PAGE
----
But context matters, Vignery said. District administrators are going to be tasked with determining levels of severity for flagged content, he said, ranging from “something less than an overt threat” to “life-threatening scenarios.”

“It could be something that we’re just going to check into, but if it ramps up a bit, we’ll be getting a phone call from the company,” he said. “We can be contacted 24/7, so we’ll have safeguards in place to make sure someone gets the call.”

Vignery said that district administrators and staff will assist in investigating “red flags,” and that Gaggle staff also plays a role in that. But he also said that the district’s protocols are still in the development phase, and that personnel would undergo professional development training as the district formulated its blueprint. The district’s technology department is slated to meet with Gaggle associates this week.

“At that point, they’ll start working with our network people on getting things set up,” Vignery said, adding that he anticipated the new software would be fully operational in 40 to 60 days.

“The alert system will be designed to involve all administrators, staff and counselors,” he said.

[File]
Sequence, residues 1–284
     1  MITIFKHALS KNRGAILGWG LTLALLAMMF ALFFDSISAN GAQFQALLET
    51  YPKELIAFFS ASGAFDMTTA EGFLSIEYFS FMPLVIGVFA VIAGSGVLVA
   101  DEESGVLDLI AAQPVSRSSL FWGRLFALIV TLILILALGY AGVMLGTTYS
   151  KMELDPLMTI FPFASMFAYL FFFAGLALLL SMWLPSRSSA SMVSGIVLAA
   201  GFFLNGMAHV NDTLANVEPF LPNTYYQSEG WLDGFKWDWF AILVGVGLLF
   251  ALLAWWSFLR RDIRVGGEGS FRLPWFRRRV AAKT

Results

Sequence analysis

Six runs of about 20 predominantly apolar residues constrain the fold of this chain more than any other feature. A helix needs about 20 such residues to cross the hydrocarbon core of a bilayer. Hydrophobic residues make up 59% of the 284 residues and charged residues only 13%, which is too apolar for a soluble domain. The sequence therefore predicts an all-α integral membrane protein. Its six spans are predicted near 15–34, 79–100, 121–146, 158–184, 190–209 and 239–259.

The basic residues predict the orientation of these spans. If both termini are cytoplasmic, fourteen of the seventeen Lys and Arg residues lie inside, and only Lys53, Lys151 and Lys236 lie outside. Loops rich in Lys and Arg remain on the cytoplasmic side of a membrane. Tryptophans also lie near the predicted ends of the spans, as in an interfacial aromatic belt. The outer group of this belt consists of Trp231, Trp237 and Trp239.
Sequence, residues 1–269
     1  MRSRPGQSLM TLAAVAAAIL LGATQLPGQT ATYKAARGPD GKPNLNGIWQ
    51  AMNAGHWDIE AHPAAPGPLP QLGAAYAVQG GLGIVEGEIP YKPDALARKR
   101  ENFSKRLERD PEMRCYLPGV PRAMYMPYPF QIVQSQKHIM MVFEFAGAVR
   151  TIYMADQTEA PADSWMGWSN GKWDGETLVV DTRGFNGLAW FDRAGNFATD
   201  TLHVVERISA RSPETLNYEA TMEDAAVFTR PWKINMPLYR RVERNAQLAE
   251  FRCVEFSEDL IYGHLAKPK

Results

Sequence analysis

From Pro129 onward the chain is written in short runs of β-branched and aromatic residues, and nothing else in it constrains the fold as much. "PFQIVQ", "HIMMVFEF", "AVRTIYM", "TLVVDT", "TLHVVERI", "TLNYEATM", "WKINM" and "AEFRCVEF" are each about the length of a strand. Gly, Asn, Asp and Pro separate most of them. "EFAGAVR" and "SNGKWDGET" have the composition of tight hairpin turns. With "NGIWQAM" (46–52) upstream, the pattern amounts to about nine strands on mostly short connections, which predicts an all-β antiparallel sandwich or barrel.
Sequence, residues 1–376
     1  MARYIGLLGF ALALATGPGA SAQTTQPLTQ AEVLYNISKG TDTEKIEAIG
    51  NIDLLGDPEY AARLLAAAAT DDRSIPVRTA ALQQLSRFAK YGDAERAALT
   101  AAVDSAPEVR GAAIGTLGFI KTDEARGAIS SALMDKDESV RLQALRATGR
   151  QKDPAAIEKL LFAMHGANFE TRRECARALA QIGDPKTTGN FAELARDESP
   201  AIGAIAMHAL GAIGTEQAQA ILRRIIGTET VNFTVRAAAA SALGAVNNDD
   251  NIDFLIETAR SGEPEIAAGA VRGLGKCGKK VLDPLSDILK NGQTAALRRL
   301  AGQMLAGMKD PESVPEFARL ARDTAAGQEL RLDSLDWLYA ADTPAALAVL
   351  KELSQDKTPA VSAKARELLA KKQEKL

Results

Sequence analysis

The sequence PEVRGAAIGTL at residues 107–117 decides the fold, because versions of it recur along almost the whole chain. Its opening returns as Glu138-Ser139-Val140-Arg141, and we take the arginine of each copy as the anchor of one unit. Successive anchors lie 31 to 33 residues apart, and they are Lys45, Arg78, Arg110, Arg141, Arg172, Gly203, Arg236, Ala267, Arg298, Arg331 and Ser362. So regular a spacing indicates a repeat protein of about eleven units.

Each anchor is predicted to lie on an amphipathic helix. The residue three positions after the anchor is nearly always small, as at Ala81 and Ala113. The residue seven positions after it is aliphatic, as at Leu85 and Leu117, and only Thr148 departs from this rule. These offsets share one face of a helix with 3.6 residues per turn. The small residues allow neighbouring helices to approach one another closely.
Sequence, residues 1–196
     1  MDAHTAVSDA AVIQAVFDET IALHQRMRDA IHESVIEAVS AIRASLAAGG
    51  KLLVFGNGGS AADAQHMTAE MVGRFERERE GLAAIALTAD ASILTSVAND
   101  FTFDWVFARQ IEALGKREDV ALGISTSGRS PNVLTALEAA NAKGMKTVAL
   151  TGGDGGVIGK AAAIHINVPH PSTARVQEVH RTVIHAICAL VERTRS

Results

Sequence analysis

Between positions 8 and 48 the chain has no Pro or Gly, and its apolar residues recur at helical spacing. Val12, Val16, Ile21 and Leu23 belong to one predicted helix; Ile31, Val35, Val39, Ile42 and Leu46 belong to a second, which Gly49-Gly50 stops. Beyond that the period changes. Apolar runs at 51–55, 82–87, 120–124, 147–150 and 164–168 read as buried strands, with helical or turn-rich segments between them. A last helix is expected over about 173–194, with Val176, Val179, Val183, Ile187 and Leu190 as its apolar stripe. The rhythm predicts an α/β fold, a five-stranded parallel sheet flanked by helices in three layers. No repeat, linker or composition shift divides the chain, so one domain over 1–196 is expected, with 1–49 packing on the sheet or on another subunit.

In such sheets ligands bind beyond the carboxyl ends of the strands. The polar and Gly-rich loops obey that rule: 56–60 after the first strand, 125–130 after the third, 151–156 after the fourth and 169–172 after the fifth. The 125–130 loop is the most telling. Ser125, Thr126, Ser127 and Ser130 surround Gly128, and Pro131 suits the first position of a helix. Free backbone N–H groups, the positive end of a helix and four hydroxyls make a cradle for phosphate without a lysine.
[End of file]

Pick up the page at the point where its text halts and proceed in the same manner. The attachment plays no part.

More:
As part of the roughly $162,000 that the district is paying for the system, Gaggle will assist the Lawrence school district with implementation of the software.

Gordon-Ross said that the software is compliant with the federal Children’s Internet Protection Act, which is designed to shield children from obscene or harmful content on the internet. He also said that the district has long had content-filtering software on its network that also complies with CIPA, but that he’s been displeased with its “lack of consistency” in the types of content it targets.

“Gaggle seems to be more consistent in terms of fewer false hits,” Gordon-Ross said. “The hits with Gaggle are more narrowly focused and much more actionable.”